Dogs are welcome in outside areas. There are a number of hard-standing paths in the garden but the site is hilly. There are seats located throughout the garden. Both the cafe and the shop are accessible and there is a golf buggy service that runs dependent on volunteer availability. 

7. Caernarfon Castle

Caernarfon Castle is an extremely large castle and my favourite in North Wales. Caernarfon is another example of Edward I’s effort to fortify the north of Wales.

It’s best known as the place where the Prince of Wales is invested and there’s a dedicated room which tells the history of this important role in the royal family as well as the investiture chairs on display.

The castle is open to the public today and is home to the Royal Welsh Fusiliers Museum which is free to enter with your castle admission ticket. The castle also has a new cafe named Coffi Castell where you can purchase a large selection of local Welsh food and drink. 

See my dedicated Caernarfon Castle visitors guide for prices, opening times, and more.

8. Conwy Castle

Conwy is another Castle located in the north of Wales and was also built by Edward I and his architect. Whilst it is a ruin today, it is still a staggering site. The structure looms over the town of Conwy which sits within its town walls. If you can manage the climb to the tallest towers you will be offered a breathtaking view out over Conwy and the estuary. 

Throughout the ruin, there is information and written displays explaining the original layout of the Castle and how those who resided within the structure would have lived. There is a large gift shop on site to explore which offers a wide range of products. 

Whilst the Castle grounds are accessible to wheelchair users (via a steep path), the ruins and the town walls require stairs. Whilst the Castle does not have its own car park, right next to the visitors centre there is a council car park. There are also more car parks situated throughout the town. 

9. Cardiff Castle

Perhaps the most famous of the castles in South Wales, Cardiff Castle deserves a place on this list. Located in the heart of the Welsh capital city, Cardiff Castle is a great option if you’re looking for something to do whilst staying in the city. 

You can climb up and explore the Castle Keep, you can walk around the impressive Castle apartments and visit the World War 2 museum located in the Castle tunnels. There is also the Firing Line museum, cafe and shop.

If you would simply like to relax in the fresh air with this beautiful Castle as a backdrop you can visit the Public Square for free. Located in the heart of the Castle and including access to the Cafe, Gift Shop, Visitor Information Point and public toilets it provides a great space for a catch-up with friends, especially if the sun is shining.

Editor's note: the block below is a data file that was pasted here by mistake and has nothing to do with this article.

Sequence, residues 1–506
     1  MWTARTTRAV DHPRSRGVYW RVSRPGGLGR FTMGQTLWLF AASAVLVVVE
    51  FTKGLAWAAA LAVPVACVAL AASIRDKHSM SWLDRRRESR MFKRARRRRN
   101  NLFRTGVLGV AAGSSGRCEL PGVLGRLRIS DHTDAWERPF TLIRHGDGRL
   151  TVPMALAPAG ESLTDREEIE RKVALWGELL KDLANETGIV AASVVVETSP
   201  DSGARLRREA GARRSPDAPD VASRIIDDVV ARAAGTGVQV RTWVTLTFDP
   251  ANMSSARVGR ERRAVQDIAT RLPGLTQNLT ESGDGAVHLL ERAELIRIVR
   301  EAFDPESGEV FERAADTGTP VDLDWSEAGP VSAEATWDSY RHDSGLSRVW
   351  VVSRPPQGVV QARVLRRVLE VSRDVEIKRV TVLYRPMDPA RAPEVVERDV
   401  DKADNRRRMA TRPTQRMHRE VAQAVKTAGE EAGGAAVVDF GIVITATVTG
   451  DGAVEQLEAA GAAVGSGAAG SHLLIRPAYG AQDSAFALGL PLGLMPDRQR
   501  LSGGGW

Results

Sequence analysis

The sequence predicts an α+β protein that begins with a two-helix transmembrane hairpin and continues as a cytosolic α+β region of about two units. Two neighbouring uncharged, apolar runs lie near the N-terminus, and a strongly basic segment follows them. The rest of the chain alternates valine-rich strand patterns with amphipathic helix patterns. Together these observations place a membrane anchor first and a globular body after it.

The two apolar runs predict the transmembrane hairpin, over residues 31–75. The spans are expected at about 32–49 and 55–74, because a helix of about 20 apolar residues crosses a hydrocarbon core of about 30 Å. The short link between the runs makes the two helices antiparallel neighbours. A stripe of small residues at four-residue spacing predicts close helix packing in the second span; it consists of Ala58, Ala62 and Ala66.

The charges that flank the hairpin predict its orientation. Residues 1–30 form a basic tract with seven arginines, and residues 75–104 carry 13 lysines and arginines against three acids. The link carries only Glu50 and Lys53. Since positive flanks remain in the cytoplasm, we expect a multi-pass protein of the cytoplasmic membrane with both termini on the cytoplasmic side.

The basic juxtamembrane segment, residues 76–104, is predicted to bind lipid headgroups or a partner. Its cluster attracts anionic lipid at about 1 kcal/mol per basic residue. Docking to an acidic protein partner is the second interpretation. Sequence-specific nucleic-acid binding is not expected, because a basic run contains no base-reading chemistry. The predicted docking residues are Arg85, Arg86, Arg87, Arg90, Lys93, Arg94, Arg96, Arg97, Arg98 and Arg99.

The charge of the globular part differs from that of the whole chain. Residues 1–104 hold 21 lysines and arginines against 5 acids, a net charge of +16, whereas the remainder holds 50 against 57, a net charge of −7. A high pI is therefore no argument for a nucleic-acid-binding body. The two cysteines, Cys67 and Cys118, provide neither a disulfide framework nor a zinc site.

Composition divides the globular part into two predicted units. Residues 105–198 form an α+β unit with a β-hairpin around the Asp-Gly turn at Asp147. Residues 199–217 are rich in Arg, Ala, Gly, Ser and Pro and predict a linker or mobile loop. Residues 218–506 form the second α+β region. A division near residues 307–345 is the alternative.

The Visitor Centre is accessible to wheelchairs and pushchairs as is the Firing Line museum, cafe and shop. The grounds of the Castle are flat but some of the building requires stairs. Parking is very limited because of the city centre location of the Castle so travelling on foot or by public transport is advisable. 

See my full guide to visiting Cardiff Castle for all the details you’ll need for your trip.

10. Carmarthen Castle

Carmarthen Castle is another stunning Welsh castle that is well worth a visit! Once a prison and overlooking the River Twyi, not only is the Castle beautiful, it also holds a rich history. It is thought that the Castle was constructed around 1105 by the Normans. 

Today you can explore the fortress and see the defences that survive on the south-west wall from the Civil War. 

The Castle allows dogs and has mobility access. The Castle does not have its own parking, however there is parking located in the town, a short walk from the Castle. 

11. Harlech Castle

Harlech Castle is another property located in North Wales and built by Edward I. Not only is the Castle itself impressive, but its surroundings are also astonishing. Set overlooking Snowdonia National Park and Cardigan Bay the Castle is a great place to take in the beauty of the Welsh countryside. The views alone make this Castle worthy of a place on this list!

Whilst the structure is a ruin, there is still lots to see. There is a gift shop on sight as well as light refreshments available. There is plenty of holiday accommodations nearby as well as places to stop for a bite to eat or something to drink.

There is a pay and display car park nearby and dogs on leads are welcome on the lower level. Please keep in mind that in order to access the Castle from the Visitor Centre you have to cross the footbridge which is about 25 metres and has a gentle upward slope. Whilst the Castle can be enjoyed from the lower levels, the higher levels, towers and wall walks are only accessible via stairs that are steep and uneven. 

12. Laugharne Castle

Laugharne Castle has become famous as the inspiration for the poet Dylan Thomas. It is said that he wrote Portrait of the Artist as a Young Dog in the summerhouse. Today, you can follow in Thomas’ footsteps and explore this breath taking Castle. 

The Castle was originally built in the medieval period and was renovated in the Elizabethan period by the courtier Sir John Perrot. Perrot constructed the grand hall which has windows overlooking the water2 (source: CADW).